They feel that Morton has good rea
son for culling noun them. Perhaps
one will soy: "Do you think I ought
to put my name ilov.n for so much. Mr.
Morton?" and he replies: "If I had not
thought so I wouldn't hnvo named the
amount." Indeed, after the famous
Fifth avenue Conference of l'.SO, It Is
pretty well established by tile Horsey
revelations and letters (lint Mr. Mor
ton raised nearly a million dollars for
the Repu'dlenn national committee.
.The moneys expended by the natlon
nl and state committees represent only
n part of the cost of a oresldeiitinl oiim
paicn. Conventions like there held In
St. Louis and Chicago cost at a modest
estimate from one end one-half to two
million dollars aph 00, nnd the check
of htiHtness during the campaign which
folllows them Involves 11 loss of many
millions more. Taklnj nil these things
Into consideration. It may bo roughly
estimated that n presidential campaign
co3ts the country about ?;0,000,000.
Tlis Mini. Clcnr on One Point.
"I pei they huve discovered the North
Pole," remarked Uncle Alie n Sparks, wip
ing his eye-giuKes. "If It's ns magnetic,
us the Tele thnt'n bc'n traveling throm'h
tlds conrtry plnylng the ptano, tt's golilg
to cost the people a l:oup of money before
they're done with It. I'm dead sure of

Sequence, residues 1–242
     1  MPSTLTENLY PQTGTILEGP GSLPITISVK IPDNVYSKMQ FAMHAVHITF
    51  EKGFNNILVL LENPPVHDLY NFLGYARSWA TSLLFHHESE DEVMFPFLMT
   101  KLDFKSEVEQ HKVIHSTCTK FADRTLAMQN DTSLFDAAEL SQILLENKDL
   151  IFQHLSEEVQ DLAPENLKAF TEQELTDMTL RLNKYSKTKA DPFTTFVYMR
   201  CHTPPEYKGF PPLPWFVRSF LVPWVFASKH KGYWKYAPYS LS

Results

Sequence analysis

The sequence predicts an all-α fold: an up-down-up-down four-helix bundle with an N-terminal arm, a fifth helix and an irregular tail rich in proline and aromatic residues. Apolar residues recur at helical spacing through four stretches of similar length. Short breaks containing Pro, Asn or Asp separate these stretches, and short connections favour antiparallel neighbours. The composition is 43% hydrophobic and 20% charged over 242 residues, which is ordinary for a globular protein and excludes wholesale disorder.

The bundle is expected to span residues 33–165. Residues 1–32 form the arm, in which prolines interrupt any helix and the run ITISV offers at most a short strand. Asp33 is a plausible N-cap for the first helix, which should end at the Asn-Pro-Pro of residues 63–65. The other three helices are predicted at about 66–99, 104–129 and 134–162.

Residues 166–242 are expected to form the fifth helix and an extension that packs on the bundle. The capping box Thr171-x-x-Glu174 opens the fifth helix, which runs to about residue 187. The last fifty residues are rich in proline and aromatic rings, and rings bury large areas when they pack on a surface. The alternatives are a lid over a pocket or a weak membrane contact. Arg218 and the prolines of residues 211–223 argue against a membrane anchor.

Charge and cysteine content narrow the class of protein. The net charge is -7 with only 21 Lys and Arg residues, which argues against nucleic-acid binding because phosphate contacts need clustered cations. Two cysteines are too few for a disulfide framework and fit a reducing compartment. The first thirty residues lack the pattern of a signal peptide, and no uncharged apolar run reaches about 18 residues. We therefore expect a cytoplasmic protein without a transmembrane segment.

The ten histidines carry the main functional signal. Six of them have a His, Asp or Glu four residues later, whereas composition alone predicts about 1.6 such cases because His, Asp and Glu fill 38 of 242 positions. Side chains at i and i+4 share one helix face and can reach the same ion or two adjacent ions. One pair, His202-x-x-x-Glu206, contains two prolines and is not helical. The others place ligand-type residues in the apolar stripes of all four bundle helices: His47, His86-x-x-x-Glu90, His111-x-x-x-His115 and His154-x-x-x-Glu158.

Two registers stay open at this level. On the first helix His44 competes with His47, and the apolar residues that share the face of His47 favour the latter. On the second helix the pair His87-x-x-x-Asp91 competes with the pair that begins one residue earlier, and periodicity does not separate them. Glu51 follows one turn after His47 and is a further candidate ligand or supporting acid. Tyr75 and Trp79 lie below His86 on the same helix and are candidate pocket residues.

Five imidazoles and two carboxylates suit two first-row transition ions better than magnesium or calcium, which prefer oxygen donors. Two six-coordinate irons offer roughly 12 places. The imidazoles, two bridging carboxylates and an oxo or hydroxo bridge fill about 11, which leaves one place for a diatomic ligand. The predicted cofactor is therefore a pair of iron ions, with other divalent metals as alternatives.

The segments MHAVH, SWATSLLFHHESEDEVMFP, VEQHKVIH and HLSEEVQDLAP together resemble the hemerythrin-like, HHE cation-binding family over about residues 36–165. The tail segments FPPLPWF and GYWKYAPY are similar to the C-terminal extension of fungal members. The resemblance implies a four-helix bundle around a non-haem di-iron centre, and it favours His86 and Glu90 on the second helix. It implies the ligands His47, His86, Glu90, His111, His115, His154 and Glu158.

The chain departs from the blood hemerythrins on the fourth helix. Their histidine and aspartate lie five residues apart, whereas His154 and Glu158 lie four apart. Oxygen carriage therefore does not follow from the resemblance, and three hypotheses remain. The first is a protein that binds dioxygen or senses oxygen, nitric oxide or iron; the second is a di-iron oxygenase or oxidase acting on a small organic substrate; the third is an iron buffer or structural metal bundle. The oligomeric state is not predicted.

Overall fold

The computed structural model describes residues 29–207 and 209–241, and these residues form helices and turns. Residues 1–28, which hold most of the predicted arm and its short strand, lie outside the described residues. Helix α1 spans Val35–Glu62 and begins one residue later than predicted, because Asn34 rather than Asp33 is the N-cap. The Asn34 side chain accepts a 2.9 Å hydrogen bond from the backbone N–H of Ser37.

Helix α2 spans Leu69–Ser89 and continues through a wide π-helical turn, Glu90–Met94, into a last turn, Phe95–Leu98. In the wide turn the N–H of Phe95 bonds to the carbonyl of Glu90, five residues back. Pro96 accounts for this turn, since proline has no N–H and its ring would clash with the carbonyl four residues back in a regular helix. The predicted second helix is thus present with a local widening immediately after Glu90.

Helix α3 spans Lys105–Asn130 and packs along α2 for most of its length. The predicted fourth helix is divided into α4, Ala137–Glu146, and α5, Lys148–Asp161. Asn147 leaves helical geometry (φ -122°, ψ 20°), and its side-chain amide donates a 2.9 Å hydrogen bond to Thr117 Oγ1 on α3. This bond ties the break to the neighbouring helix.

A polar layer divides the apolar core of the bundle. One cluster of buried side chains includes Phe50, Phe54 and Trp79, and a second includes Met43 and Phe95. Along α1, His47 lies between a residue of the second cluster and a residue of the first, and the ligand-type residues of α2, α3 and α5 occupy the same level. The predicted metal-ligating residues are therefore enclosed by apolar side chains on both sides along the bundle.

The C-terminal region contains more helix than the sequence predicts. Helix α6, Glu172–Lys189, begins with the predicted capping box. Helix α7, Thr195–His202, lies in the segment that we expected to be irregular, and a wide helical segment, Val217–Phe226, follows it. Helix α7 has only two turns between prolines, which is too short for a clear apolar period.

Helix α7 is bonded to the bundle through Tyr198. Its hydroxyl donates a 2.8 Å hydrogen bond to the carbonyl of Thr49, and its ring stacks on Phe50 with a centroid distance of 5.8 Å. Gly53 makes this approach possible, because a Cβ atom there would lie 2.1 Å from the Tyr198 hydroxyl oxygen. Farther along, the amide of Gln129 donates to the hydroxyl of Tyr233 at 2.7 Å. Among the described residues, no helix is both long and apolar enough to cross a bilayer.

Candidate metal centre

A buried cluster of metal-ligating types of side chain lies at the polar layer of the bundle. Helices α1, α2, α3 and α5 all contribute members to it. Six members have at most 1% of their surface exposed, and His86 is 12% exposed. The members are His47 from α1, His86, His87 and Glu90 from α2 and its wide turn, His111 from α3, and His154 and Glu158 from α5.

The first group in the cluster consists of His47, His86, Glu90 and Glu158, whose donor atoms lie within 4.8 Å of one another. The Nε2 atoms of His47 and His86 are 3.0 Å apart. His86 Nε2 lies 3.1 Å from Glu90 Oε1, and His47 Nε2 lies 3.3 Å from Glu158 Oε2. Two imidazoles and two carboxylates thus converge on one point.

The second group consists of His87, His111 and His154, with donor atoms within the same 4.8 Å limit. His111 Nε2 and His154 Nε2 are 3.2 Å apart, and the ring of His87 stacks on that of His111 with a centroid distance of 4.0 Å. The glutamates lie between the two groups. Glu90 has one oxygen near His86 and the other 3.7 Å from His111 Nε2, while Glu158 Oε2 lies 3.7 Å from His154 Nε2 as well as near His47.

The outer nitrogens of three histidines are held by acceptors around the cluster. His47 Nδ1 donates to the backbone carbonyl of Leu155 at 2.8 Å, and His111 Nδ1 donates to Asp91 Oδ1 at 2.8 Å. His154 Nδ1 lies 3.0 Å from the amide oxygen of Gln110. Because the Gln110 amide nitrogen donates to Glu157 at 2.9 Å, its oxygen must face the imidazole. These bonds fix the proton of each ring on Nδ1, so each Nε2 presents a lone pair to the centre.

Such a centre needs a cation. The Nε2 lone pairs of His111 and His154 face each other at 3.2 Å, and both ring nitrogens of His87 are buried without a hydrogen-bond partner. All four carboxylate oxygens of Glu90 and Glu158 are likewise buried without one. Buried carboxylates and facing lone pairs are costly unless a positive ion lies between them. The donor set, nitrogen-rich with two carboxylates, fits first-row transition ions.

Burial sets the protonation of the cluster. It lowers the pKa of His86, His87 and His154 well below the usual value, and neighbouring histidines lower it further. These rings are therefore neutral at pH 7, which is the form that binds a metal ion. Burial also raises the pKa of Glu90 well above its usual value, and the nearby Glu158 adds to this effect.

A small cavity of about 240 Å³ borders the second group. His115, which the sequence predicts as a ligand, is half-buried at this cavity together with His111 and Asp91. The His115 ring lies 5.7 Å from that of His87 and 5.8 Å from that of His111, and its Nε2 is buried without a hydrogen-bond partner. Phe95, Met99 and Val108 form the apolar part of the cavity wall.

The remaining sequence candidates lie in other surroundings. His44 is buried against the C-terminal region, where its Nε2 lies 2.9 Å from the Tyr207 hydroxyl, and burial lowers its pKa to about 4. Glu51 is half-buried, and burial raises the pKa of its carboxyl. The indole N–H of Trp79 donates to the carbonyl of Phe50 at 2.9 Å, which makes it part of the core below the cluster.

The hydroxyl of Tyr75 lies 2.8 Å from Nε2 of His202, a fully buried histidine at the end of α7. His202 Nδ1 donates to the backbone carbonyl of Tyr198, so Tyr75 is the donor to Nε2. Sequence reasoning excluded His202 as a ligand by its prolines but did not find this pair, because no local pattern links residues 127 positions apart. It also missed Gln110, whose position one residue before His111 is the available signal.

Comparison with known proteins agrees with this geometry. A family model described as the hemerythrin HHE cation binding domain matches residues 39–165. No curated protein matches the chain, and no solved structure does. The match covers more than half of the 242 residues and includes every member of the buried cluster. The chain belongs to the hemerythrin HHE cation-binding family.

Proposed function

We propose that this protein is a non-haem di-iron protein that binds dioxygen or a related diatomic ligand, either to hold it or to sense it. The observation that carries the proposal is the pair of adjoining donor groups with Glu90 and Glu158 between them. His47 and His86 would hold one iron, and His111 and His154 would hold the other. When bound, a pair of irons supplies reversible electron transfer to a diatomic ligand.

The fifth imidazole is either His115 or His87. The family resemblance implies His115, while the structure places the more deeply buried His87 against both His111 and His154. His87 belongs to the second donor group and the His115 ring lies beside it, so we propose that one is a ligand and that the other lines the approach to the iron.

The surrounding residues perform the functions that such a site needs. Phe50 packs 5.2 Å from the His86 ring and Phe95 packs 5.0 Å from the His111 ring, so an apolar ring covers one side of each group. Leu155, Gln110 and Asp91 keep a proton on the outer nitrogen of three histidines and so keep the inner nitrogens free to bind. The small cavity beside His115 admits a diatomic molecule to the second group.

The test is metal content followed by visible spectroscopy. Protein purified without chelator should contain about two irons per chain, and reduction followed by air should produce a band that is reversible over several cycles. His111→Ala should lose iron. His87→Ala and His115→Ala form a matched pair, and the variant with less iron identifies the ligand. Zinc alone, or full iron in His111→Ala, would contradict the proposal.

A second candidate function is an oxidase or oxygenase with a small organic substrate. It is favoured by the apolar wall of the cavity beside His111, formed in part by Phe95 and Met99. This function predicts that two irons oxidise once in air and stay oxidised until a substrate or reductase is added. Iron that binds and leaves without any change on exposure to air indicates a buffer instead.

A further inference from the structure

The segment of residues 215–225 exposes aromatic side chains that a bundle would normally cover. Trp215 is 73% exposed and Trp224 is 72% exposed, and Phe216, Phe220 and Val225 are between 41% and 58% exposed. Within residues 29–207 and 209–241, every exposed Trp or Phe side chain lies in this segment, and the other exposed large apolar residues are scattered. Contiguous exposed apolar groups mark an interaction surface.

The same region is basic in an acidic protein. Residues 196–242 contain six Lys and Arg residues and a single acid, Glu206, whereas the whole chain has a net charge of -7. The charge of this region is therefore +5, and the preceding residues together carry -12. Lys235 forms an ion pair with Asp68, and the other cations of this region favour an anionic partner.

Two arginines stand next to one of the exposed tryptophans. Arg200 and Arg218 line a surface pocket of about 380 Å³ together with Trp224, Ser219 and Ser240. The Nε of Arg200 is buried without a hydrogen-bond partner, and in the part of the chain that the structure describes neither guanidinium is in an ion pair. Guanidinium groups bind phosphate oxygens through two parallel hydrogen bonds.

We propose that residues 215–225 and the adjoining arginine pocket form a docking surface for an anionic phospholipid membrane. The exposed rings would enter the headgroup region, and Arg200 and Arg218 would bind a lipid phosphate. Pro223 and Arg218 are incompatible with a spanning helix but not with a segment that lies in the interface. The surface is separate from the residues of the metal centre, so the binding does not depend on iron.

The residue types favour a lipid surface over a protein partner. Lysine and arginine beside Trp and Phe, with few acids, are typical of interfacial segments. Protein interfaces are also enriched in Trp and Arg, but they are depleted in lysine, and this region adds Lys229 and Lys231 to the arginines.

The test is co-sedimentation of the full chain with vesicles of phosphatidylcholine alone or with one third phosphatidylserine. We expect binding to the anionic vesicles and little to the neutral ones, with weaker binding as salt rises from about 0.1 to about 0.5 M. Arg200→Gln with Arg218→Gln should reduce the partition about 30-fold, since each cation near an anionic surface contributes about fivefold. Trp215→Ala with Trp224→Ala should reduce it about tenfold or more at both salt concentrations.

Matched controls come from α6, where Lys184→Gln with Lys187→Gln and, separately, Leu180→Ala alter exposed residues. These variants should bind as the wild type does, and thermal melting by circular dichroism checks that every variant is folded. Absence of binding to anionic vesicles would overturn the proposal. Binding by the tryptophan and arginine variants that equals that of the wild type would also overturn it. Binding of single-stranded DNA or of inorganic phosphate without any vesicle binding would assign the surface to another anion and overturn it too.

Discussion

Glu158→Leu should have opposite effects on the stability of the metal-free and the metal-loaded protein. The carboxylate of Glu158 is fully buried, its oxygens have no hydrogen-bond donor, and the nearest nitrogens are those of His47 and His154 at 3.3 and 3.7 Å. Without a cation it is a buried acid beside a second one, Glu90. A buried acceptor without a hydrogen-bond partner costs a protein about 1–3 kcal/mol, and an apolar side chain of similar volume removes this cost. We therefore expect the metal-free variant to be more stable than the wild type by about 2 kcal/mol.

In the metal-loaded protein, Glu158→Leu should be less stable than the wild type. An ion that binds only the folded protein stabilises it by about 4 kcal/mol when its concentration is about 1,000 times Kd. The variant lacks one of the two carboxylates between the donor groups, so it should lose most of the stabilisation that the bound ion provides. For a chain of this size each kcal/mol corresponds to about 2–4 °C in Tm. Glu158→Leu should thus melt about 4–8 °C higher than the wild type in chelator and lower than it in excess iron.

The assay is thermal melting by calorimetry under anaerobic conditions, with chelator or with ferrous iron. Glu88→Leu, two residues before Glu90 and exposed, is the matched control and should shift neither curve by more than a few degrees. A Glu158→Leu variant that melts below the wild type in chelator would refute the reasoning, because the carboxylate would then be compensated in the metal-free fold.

thut."-Chlcago Tribune.
Rural Light I'ncilities.
Mrs. Ecpp "Z"pp. ert up and open the
door; Bumeone's knocking. '
Zeni "I nm up and putting tn my
breeches so I can strike a match Flieg
enile llluetter.
I C" D DrTVuii Pelf
I PUn thlv ReeulHtlnz Vei.-
WOMEN .lirtm
conthimiUH trnfle an H 1 ormirrtiv ir.-xUuufi.'
tlou nnd debility peculiarly incident to
! women of tender rouHtitutioui
'old otto. Tl:ev Imvo no inuid. Tho faculty
strongly recomn:end thorn. Iienrriptlve dr.
rnlsr tr, sent recur""!? cidri1. Juvenla
Timet t n., Pert, ft Prenytcrln lttdgi , N. V.
cf good cookie g comprise nothing that is of more
importance than good shortening; Your food will
be deliciously light and free from the greasiness
and richness that make lard so objectionable if
shortened with or fried in pure, clean, sweet
Loots for the Cottolone trado mark "CbOolcrur" and ttttr1! tod n ooUonylant
wrtathon every tin.
Will Be Held as Follows:
ning, Oct. 19th, 1896. Speakers of the evening will
be Hon. John H. Fellows, J. Ball Osborne, esq.,
ex-United States Consul to Ghent, Belgium; James
J. H. Hamilton and Hon. John R. Farr.
ning, Oct. 20th, 1896. Speakers of the evening will
be John M. Harris, esq., A. J. Colborn, esq.,
and others.
Friday, Oct. 23d, 1896. Speakers of the evening will
be Hon. B. F. Hughes, of Philadelphia; R. A.
Zimmerman, esq., E. H. Shurtleff, esq., and
John F. Reynolds, esq.
The issues of the campaign will be discussed in the
fullest manner by able and eloquent orators. Let no person